If you have a roll cage, a roll bar, or a harness bar, you can simply thread your shoulder harnesses around the bar behind your driver seat and use the three-bar adjuster to get the belt to the correct length and snug. The important thing to remember is the correct threading of the webbing through the three-bar adjuster. There is a method to the madness on how to do this correctly.

One of the most common, incorrect installations comes from not routing the belt webbing properly through the three-bar adjuster. The trick is to remember to go back through a third time to lock the belt in place, just like the diagram above.

I spoke with Ken Myers, owner of I/O Port Racing Supplies, who sells harness systems daily to motorsports enthusiasts, and is a technical inspector for the National Auto Sport Association (NASA). Ken mentioned a few things that right away fail a car during a technical inspection. Cotter pins not placed in the snap-in systems, improper angle on shoulder harnesses (see why this is bad below), and not threading harnesses the correct way are common mistakes during installations.

The shoulder harness on the left is correctly threaded (just like the diagram instructions earlier). The shoulder harness on the right is incorrectly threaded. The dead giveaway is if you can see two of the bars of the three-bar adjuster then it’s wrong. If routed properly, you should only see one bar.

It is crucial that the belt path from the attachment point in the vehicle (floor pan for lap belt or roll bar for shoulder harness) not be hindered or redirected by the seat prior to going over your body. The forces during an impact are immense and these 3-inch-wide belts are designed to help you withstand an impact. However, if the belt is redirected by a seat, then as the belt straightens out during a crash it can break the seat and then create slack in the belt which means you move forward and your body runs into stuff — hard stuff — like the steering wheel or windshield. Bad for your face.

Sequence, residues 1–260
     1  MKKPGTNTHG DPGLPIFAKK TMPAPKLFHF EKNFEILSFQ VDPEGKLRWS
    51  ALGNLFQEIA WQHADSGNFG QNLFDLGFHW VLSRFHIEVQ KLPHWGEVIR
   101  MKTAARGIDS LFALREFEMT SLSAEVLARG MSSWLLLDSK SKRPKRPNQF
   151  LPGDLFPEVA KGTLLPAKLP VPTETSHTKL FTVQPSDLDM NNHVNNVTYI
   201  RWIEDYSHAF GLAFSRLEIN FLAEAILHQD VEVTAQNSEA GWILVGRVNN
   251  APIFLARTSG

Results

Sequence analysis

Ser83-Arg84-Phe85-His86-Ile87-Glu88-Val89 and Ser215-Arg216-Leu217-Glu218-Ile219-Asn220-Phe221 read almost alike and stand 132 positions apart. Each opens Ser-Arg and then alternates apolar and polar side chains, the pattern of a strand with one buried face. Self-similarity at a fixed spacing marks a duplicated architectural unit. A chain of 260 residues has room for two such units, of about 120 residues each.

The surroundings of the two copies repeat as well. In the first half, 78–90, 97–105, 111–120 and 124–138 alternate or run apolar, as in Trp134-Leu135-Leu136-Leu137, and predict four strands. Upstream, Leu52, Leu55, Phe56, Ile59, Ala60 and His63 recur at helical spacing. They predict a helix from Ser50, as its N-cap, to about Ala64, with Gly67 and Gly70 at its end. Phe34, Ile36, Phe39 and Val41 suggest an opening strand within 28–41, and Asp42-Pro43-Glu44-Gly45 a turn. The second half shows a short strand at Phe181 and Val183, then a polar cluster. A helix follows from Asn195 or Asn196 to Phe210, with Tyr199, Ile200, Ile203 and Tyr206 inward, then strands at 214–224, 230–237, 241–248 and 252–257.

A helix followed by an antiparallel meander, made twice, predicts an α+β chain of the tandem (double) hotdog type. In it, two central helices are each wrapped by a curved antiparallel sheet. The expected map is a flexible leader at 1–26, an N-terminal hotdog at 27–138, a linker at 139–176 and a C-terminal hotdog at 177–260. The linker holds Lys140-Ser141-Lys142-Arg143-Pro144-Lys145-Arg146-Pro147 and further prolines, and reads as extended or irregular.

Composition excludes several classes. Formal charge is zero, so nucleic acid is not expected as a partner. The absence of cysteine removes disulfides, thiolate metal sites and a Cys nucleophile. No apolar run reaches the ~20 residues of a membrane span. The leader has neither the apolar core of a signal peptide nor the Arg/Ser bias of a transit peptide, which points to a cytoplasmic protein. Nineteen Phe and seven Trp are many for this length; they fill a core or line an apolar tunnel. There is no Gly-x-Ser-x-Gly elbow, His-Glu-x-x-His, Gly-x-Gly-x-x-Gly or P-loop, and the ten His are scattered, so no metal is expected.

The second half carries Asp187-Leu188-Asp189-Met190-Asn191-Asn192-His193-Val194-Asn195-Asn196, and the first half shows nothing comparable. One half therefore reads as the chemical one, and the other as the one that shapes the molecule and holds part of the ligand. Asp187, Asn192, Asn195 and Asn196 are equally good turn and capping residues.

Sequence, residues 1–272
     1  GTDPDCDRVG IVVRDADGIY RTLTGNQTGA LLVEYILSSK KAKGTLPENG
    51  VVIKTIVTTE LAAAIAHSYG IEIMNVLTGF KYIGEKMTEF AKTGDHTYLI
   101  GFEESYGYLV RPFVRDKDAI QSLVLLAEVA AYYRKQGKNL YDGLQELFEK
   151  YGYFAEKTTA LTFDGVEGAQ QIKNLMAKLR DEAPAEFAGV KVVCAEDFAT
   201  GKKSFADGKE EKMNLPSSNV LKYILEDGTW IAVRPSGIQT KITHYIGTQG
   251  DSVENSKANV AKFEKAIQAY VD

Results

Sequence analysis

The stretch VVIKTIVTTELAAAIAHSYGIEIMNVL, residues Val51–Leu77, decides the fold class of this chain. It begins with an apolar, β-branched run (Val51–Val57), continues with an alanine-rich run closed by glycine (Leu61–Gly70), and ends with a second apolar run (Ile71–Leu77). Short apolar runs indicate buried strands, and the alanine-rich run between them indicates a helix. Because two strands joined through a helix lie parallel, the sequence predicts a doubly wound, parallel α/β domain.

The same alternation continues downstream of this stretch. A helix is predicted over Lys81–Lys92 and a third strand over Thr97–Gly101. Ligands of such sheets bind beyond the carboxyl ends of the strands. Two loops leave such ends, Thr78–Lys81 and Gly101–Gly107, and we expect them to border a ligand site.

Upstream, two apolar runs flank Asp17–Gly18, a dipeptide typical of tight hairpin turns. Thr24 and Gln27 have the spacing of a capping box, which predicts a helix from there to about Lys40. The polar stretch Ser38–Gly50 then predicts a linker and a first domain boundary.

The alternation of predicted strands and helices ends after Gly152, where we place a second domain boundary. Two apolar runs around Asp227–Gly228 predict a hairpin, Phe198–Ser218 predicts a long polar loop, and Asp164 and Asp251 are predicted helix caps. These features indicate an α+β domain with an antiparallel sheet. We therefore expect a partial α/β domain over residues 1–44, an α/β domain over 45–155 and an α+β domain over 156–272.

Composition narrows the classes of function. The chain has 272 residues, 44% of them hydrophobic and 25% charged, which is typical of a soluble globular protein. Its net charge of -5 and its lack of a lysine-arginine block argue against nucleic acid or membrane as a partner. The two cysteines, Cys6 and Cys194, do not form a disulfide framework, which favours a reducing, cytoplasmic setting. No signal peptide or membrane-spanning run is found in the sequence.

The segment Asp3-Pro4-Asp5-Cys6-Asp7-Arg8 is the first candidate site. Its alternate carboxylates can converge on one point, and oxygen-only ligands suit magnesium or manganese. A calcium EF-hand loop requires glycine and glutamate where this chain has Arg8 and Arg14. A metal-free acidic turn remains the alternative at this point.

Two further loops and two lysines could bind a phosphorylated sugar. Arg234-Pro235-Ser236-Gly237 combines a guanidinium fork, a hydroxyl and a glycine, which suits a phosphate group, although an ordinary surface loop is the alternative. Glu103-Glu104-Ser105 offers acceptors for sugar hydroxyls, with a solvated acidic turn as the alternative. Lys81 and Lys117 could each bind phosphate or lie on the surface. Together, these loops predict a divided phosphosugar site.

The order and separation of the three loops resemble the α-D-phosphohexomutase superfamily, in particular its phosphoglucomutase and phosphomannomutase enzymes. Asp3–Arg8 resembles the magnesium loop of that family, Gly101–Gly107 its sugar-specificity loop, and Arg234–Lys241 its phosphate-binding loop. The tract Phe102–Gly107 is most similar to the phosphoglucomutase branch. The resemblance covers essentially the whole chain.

According to Rick White, co-owner of Autopower Industries, a very critical item to installing any 5-point harness correctly is the angle of the shoulder harness behind the driver. “If the harness is too low (i.e. attached to the floor pan near the rear seat), in a collision the belts will compress the driver’s spine causing injury,” he says. “It is better to have the belts as close to level as possible to the driver’s shoulder height. This is properly done with a harness bar, a roll bar, or roll cage in combination with the seat height.”

This is the correct belt path for shoulder belts (level or slightly lower than the shoulders) and most importantly the belts are not hindered by the seat. The belts are going through the seat-back holes perfectly.

To keep the shoulder harnesses from sliding laterally on the roll bar you can use a little bit of roll bar padding to isolate the belts (like the photo above). If you want to get fancy about it, you can install large collars that fit around the roll bar that look pretty slick.

Autopower makes these lightweight aluminum collars to hold your harnesses in place. Between the belts is a seat-back brace from I/O Port Racing Supplies. Again, pay attention to the belt paths as they go through the rear of the seat in the photo, perfectly aligned over the driver’s shoulder and not interrupted by any part of the car.

Autopower Industries indicated after the belts expire in two years you could send them back in to have the webbing replaced and the belts re-certified utilizing your existing hardware. This will save you money and keep you safe. Win-win. 5-point harness installation is a worthy upgrade to any performance car as long as it is done correctly. Follow the instructions that come with the belts, improve your lap times and be safe!

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About the author

Rob Krider

Rob Krider’s mantra is “Race Anything, Win Everything” and is a multi-champion driver who currently competes in the NASA Honda Challenge series.